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Advice for a Family Bareboat Charter — Rules

By Chris Caswell
Photography by George Sass Jr.

The starting point is to set the ground rules long before you begin your charter, reinforce them when you board the boat, and offer subtle reminders during the charter.

Life jackets or PFDs are essential , but how and when you require them is up to each parent and depends, to some extent, on the age of the youngsters. For one family I know, all the preteens have the run of the enclosed cockpit and the cabin without life jackets. Set one foot on deck, however, and the life-jacket rule is in force. The adults can set a good example by wearing their own PFDs so the kids don’t feel like outcasts.

ground rules

Before you depart for your charter, find comfortable life jackets for the kids: wearing bulky uncomfortable PFDs is a quick way to turn a swell trip into a hell trip in a kid’s mind. Life jackets for youngsters should be lightweight and flexible for their incredibly active lifestyles, and they are now available in a multitude of “cool” designs from Spiderman to Barbie. If possible, get a life jacket with a solid and easy-to-grab handle. Given comfortable PFDs, kids won’t think twice about wearing them continually. And by the way, if possible, have them wear the life jackets before the trip to make sure there aren’t any chafe issues.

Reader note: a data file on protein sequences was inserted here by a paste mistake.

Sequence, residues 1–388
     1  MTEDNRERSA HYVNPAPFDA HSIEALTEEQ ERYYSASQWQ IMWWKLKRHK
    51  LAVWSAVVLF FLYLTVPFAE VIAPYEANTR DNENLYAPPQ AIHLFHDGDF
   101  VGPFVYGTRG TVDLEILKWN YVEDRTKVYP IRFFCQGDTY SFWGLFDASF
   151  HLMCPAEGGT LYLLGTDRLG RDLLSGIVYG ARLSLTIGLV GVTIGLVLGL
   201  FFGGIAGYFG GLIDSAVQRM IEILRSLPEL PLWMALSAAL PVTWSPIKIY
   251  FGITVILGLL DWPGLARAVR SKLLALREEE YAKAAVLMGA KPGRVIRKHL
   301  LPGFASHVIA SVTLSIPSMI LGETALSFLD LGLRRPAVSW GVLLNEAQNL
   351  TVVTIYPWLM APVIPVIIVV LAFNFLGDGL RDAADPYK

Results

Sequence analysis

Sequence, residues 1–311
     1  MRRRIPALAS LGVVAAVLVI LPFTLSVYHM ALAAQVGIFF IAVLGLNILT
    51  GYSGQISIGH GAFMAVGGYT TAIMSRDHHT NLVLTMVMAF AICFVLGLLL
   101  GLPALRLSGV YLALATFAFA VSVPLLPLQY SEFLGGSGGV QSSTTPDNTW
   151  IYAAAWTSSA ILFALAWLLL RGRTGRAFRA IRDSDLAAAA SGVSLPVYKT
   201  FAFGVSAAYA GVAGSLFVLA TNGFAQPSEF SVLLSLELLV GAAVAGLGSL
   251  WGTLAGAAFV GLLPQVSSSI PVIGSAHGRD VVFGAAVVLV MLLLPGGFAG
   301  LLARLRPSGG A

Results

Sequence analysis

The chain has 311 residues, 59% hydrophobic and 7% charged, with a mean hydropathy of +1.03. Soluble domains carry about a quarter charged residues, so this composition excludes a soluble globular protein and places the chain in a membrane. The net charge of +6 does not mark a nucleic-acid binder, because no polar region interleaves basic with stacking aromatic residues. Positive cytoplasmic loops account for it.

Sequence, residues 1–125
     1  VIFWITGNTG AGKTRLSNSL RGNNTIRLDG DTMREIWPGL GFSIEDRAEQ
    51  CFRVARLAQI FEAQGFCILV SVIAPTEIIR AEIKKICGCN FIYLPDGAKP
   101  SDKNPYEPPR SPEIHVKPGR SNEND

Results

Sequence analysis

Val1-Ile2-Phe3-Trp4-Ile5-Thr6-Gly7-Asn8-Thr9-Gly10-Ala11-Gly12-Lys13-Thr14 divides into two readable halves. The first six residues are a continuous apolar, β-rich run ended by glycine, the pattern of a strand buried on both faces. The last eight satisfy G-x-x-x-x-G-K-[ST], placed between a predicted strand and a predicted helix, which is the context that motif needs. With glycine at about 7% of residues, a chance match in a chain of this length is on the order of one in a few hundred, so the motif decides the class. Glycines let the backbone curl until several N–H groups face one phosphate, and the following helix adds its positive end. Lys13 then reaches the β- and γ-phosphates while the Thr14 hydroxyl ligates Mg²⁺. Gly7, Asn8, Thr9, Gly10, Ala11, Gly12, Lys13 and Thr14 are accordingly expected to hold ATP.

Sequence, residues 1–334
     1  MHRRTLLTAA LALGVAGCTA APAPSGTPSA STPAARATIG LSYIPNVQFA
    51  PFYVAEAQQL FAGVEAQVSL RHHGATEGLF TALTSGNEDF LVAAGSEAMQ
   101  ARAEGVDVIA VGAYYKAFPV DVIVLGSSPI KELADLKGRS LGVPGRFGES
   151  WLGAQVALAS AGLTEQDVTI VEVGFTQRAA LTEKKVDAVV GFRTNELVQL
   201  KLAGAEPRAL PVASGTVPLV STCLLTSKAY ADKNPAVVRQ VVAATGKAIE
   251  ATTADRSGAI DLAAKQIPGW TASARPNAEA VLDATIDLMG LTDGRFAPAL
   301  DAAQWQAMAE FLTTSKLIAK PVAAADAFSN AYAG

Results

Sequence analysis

Life jackets aren’t the only gear that kids need though. They require nonslip shoes just like the adults and they need sun protection in the form of hats, sunglasses, sunblock, and protective clothing. And if you choose a blowboat over a stinkpot, to fully integrate them into the “crew,” they should have their own sailing gloves as well.

Another important rule is that the skipper’s word is law. With two families aboard, this sometimes causes concern, but the parents can sort out the various issues in private. Bottom line: One person is in charge.

Kids love to run, but never, ever, on the boat. No running, no horsing around until they get ashore. And no kids on deck unless an adult is present. Teach them the following adage and repeat it regularly: “One hand for you, one hand for the boat.”

No youngster leaves the boat without permission from an adult and, for smaller kids, no one goes forward (even at anchor) without an adult present and on watch.  

When it comes to swimming, the buddy system is always in effect, either with another youngster or with a parent.